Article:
Is there a ninth planet out there in our solar system, lurking out of sight of astronomers, far past the orbit of Pluto (the ex-ninth planet)? According to new observations of a strangely behaving rock in deep space, the answer just might be yes.

The new object we can see and observe is called 2015 BP519, and looks like it could be as big as a dwarf planet itself.

What's interesting is that the rock isn't on the same plane as the Solar System planets, which are all spread out like a disc – it's at a 54-degree angle.

And one of the possible explanations for that rather crazy orbit is the existence of another planet, far beyond Neptune and around 10 times the mass of Earth. A planet that size would provide the necessarily pull to keep 2015 BP519 where it is.

"It's not proof that Planet Nine exists," one of the research team, astronomer David Gerdes from the University of Michigan, told Shannon Hall at Quanta. "But I would say the presence of an object like this in our solar system bolsters the case for Planet Nine."

The new clue to Planet Nine's existence was spotted in data from the Dark Energy Survey, which is attempting to map the parts of space way beyond our own corner of it.

And it also fits in with a prediction made a couple of years ago: researchers had previously noticed odd alignments in the position of Kuiper Belt Objects (KBOs), towards the fringes of the known Solar System.

Six of these KBOs looked as if they'd been forced into orbital alignment by a huge, hidden ninth planet – and back in 2016, astronomers Konstantin Batygin and Michael Brown from the California Institute of Technology suggested that over time, KBOs like these could get pushed into higher orbital inclinations.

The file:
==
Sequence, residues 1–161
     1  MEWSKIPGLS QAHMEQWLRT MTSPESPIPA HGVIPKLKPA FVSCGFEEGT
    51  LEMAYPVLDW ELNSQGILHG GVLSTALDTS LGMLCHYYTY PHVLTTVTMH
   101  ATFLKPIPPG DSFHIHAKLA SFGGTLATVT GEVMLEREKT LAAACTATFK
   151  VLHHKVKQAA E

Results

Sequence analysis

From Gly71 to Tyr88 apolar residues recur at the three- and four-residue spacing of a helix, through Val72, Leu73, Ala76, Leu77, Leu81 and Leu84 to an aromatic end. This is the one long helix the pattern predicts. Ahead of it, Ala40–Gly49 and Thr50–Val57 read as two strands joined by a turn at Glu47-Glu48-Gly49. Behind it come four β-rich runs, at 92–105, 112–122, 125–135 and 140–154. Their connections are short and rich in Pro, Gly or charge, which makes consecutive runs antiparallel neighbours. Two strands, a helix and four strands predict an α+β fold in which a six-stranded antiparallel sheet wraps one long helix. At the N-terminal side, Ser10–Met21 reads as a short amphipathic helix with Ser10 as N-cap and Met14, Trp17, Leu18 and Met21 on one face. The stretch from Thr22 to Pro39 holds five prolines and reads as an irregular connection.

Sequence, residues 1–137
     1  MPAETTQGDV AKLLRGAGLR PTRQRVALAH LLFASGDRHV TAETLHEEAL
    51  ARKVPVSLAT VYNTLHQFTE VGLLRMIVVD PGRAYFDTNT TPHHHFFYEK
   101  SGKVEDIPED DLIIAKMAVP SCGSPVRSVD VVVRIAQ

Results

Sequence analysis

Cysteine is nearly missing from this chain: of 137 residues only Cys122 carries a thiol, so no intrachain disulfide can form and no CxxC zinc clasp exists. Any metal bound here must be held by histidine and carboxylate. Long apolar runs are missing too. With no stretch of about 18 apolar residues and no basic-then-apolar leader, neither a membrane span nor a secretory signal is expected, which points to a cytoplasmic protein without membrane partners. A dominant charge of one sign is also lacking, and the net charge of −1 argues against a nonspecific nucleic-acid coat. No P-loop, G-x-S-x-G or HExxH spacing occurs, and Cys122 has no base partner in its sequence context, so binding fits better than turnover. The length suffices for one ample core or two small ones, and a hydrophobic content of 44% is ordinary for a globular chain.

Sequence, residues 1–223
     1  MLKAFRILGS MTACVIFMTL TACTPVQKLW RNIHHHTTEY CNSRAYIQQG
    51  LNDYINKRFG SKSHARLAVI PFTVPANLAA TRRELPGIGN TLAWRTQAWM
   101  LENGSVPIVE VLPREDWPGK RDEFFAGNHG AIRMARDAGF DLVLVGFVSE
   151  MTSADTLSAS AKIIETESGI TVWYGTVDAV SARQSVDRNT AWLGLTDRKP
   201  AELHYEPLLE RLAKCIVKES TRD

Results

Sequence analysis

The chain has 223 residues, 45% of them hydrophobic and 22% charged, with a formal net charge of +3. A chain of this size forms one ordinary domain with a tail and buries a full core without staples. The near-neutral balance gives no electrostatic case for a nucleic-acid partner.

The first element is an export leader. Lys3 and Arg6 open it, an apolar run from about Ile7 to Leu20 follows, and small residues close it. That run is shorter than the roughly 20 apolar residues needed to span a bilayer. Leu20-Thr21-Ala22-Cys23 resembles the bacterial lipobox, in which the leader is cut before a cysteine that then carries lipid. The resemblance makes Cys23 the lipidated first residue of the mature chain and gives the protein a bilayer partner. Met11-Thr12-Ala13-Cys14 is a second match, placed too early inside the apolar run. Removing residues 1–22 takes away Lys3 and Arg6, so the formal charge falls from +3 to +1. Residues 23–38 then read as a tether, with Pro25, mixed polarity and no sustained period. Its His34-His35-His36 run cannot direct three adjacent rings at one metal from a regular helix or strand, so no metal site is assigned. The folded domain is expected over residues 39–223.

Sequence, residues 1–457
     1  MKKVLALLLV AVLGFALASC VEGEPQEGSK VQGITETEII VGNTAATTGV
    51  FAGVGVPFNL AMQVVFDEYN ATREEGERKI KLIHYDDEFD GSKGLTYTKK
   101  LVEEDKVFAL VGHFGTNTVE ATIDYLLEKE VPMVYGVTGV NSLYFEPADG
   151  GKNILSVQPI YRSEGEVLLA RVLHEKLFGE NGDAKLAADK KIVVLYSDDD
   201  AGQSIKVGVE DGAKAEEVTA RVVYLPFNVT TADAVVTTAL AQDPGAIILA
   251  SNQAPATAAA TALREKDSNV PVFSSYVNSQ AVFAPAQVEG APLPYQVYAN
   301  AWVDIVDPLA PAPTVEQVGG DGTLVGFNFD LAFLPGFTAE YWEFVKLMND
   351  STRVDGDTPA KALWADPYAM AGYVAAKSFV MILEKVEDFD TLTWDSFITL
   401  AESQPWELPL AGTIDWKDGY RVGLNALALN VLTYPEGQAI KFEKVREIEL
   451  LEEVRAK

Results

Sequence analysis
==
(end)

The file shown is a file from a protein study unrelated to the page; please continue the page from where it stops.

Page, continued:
Just like 2015 BP519, in fact.

The researchers behind the new study have been working on their calculations since 2014, so a lot of celestial number-crunching is involved.

They ran simulations covering billions of years to try and explain how the newly discovered space object got to where it is.

come in planet 9 2The orbit of 2015 BP519. (arXiv)

A giant extra planet ended up being the only way that the simulations worked to match what our telescopes are telling us.

"The second you put Planet Nine in the simulations, not only can you form objects like this object, but you absolutely do," one of the team, Juliette Becker from the University of Michigan, told Quanta.

Before we start reprinting Solar System maps, it's worth bearing in mind that the paper reporting these findings has yet to be peer-reviewed and formally published.

The researchers themselves admit we need to find more objects like 2015 BP519, and corroborate various data points in the Dark Energy Map, if we're to prove Planet Nine exists.

One alternative explanation is that there was something out in the early Solar System that we don't know about that could've given 2015 SP519 an extra kick.

Nevertheless, it's a tantalising clue that we've got another planet orbiting the Sun way out there in space. If Planet Nine exists, we're expecting it to be a cold, icy giant because of its distance from the Sun, and the work to try and spot it continues.

"There is no other reasonable way to populate the Kuiper belt with such highly inclined bodies," Batygin told Quanta. "I think the case for the existence of Planet Nine is now genuinely excellent."

You can read the research on the pre-print server